Thursday, May 07, 2009

May revivals: first half

Hey, all. Mike here with a list of what to catch for about half of May. I had a much larger list in mind, most of which at the Forum's Con film festival. GET IT, GET IT! CON! NO, NOT KHAN! CON! Like in CANNES FILM FESTIVAL, but because these are prison films it's CON Film Festival! HA! . . . . HA . . . . ha . . . . . ow, this hurts . . .

Anyway, finally I had to narrow it down to what I'm pretty sure I can catch so stuff like White Heat and Angels with Dirty Faces on Mother's day, and Birdman of Alcatraz in a few weeks? Well, have fun, but I doubt I'll make it, so I'll skip writing about it here. In the meantime, here we go:

EASY RIDER- Thurs May 7 at 7:50 and 9:50- Film Forum- A new 35mm restored print. I brought it up last time, so I won't go much more into it. Last day at the Forum.

SWIMMING TO CAMBODIA- Tues May 12 at 8 with a post film Q & A with director Jonathan Demme- IFC Film Center- Spaulding Gray's concert film gets a rare screening. You have less then two days from your probable reading of this, go to to get your tix, because you WON'T be able to get them on Tuesday the 12th. The film's director Jonathan Demme (Silence of the Lambs, Rachel Getting Married), does a post film Q and A afterwards.

Grey tells the story of how he was cast in a small role in The Killing Fields, the research and history he learned in preparing, his experiences while shooting, plus a few New York stories, usually involving his long suffering then-girlfriend, Renee. Released in April 1987, it (aided by some appearances on David Letterman's show) became a surprise art-house hit. Director Jonathan Demme seemed to simply place a few cameras around the stage, aimed for key close-ups while relying on a master shot for the most part, editing in a few shots from The Killing Fields, and expanding the lens a bit to show the maps of Vietnam and Cambodia when those slides come up.

Now this might not have been the case. Demme will surely explain how this was shot and edited in the Q and A. But Demme got what Steven Soderburgh didn't get in Gray's third concert film, Gray's Anatomy. That you don't have to do cinematic tricks to damage, er, enhance the story. Sometimes, it's about THE WORDS, STUPID (And I mean that with love, Steven). When you have a masterful storyteller like Gray, running at peak performance, you don't fuck it up. You can see, whether on Tuesday the 12th or on Netflix, how in 85 quick minutes, Gray and Demme had a film that deserved to stand along with other popular films that year, like The Untouchables, Moonstruck, Au Revoir Les Enfants, and Full Metal Jacket.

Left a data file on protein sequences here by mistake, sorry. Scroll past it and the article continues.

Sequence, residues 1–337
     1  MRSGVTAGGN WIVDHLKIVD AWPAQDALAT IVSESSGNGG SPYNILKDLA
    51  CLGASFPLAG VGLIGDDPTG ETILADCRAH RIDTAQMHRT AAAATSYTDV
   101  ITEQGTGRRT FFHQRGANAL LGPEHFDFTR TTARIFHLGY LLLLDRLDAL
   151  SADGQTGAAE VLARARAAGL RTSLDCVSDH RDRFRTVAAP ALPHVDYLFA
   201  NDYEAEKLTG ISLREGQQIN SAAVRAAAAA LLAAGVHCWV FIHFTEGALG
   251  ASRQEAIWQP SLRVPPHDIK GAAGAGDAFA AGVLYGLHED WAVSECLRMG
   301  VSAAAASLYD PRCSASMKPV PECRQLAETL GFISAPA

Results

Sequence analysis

I WANT TO LIVE!- Fri May 15 at 7:25- Part of the Forum's Con film festival. From director Robert Wise, Susan Hayward won the Best Actress Oscar for the only performance she's truly remembered for. She's a woman of, let's say, ill repute, who may have been set up for a murder she didn't commit. This gets her the Death Penalty. Now the overall film will probably be liked more by those who support Dead Man Walking. It goes on the idea that she's completely innocent of murder, though the actual facts of the case aren't clear. How it got this far then is an argument for someplace else, and a criticism that can be aimed more to Wise and the screenwriters than to me.

But Wise shot and edited this black and white film like a noir, and let us know exactly how it feels to set up the gas chamber, and give the audience a clear idea of what will feel like in there. Combined with Hayward's heart-breaking performance, this was gut wrenching stuff for 1958. Now? Judge for yourself.

Nominations also for Wise for Director, the Screenplay, Editing, Cinematography and Sound.

SULLIVAN'S TRAVELS and O BROTHER, WHERE ART THOU?- Sun May 17 at 5:20 (Sullivan's), 7:05 (O Brother), 9:10 (Sullivan's) and Mon May 18 at 1 (Sullivan's), 2:45 (Brother) and 4:50 (Sullivan's)- Part of the Forum's Con film festival. An interesting double feature. First, Sullivan's Travels, from writer-director Preston Sturges. Playing in the Forum for the second time this year. Consider Sturges to be the Sandy Koufax of film directors. A few years where he was one of the very best, then gone. Sullivan's is considered (arguably) the best in his career. Joel McCrea plays the director of simple entertaining films, who dreams of making an Important Film, "O Brother Where Art Thou". He goes out on the road, posing as a hobo, to learn about the common man, and gets a rude awakening. He also gets Veronica Lake, nice if you can get it. A classic in the comedy genre, though it works more than as just a comedy.